Bushfires documented in film | Noosa today

The local disaster coordination center set up in Noosa council chambers. Photos: Contributed stills from the film

Residents affected by the 2019 Noosa bushfires have recounted their experiences in a new short film documenting the impact of the disaster, three years later.

The film features interviews with Holly Kemp and Pam Murphy who lost their homes in the fires.

“When you move to the bush, you always have in mind that it could happen, but you never thought you would lose all of a sudden,” recalls Holly, a resident of Cooroibah.

Pam Murphy fled the Peregian Beach blaze as embers rained down on the coastal town, setting her more than 30-year-old home ablaze.

“All my charts went up. All the records from my husband’s jazz bands, my antiques – they all went away,” she says.

The Council engaged local filmmakers, Pluggas, to produce the 15-minute film to document the fires and their impact on our community, and to promote the importance of disaster preparedness.

“The past three years have reminded us of what a resilient and caring community we are, but it is essential that we stop and reflect on how quickly and furiously the fires have spread and reflect on the steps we should take to ensure that we are prepared in the event of a disaster,” said Mayor Clare Stewart.

More than 8,000 residents were evacuated in several suburbs and thousands of hectares burned in a series of fires in 2019, which began with the first Peregian Beach fires on September 9, followed by the Cooroibah and Noosa fires. North Shore.

“Fortunately, no lives were lost. But the result could have been much worse. If you haven’t made a bushfire survival plan, we hope this film inspires you to do so,” the mayor said.

The film, which will feature in Get Ready Month campaigns and other local disaster preparedness education efforts, chronicles the 2019 event from the perspective of residents, emergency services personnel and the Council disaster recovery team, led by Director of Community Services, Kerri Contini.

“We hear from the first responders whose skill and dedication in the face of incredibly harsh conditions averted loss of life and massive damage,” she says.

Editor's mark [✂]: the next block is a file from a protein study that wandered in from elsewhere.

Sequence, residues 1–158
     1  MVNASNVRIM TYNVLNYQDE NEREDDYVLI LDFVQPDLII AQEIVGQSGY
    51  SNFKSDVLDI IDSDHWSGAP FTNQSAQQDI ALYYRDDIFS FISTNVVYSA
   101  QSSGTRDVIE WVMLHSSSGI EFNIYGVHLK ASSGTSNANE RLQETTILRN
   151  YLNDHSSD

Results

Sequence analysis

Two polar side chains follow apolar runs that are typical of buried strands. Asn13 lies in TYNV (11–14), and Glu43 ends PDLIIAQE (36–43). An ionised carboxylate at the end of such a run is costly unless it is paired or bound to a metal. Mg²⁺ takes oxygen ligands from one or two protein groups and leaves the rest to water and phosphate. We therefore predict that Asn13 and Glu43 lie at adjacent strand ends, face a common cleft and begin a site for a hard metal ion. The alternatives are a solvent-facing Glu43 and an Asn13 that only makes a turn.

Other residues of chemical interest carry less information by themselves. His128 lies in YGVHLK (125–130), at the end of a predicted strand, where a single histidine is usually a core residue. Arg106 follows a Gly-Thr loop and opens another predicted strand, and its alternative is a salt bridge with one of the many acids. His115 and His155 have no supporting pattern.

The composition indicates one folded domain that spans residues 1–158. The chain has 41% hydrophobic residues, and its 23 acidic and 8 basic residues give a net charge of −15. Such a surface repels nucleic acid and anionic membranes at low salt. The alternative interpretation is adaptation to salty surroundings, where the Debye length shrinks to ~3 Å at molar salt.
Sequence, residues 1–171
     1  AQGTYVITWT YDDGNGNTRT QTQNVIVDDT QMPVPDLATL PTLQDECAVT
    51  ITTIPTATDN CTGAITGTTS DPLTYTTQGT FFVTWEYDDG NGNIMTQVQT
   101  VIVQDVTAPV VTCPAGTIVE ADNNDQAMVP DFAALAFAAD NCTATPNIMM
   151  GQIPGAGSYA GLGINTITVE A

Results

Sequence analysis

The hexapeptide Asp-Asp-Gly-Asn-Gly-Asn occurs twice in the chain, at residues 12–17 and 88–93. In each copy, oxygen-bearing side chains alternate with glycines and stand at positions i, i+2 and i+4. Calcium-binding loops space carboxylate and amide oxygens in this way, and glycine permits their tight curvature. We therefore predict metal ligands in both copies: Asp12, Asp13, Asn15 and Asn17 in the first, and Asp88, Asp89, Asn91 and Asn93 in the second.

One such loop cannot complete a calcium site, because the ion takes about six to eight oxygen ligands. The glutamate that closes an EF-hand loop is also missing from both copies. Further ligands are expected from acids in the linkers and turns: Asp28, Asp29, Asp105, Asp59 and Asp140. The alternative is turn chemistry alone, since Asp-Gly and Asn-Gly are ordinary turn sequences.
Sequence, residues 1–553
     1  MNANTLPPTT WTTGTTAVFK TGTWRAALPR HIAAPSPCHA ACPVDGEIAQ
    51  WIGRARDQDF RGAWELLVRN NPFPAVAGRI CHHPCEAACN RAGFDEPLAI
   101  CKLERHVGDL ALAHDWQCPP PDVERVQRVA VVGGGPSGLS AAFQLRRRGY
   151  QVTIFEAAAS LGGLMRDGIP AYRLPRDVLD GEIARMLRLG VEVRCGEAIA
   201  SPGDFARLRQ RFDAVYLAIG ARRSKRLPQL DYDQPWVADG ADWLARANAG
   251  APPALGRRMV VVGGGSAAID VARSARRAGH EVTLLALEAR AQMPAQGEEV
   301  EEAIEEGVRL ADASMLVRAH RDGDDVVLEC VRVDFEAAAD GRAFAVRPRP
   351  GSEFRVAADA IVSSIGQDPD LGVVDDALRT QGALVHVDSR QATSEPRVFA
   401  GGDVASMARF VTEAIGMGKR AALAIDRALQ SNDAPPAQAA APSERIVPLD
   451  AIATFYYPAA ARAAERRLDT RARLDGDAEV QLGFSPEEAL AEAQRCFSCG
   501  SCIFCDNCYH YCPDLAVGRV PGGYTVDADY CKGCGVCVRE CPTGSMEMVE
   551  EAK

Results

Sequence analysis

“Then there are those who went straight to work, once the fires were out, to help our devastated wildlife.”

Meghan Halverson, founder of Queensland Koala Crusaders, recalls in the film the grim scene she and her fellow wildlife rescuers faced in the weeks following the fires.

“We were among the first people to do the black marches after the fires as soon as it was safe enough to do so. I guess black walks represent hope where you try to find an animal, animals, that can be helped,” she says.

“What happens to a koala if it’s in a fire, if it doesn’t go down, it goes up. And usually, in the past, if there were fires, they would go up high into the canopy and it would burn around them, and then they would come back down after the fire. But with a fire this hot and high, that’s where they had no chance.

Mayor Stewart said council has invested significantly over the past three years in measures to prevent a repeat of the 2019 fires.

“We have increased budget funding for bushfire resilience measures such as more controlled burns, better trail maintenance and we have also appointed an internal fire officer to help keep our community safe,” said said the mayor.

This film was made with the assistance of a grant from the Australian Government through the National Bushfire Recovery Fund.

Check the Council’s Heritage Noosa website (heritage.noosa.qld.gov.au) and Facebook page (facebook.com/noosacouncil) from September 9 to watch the documentary.


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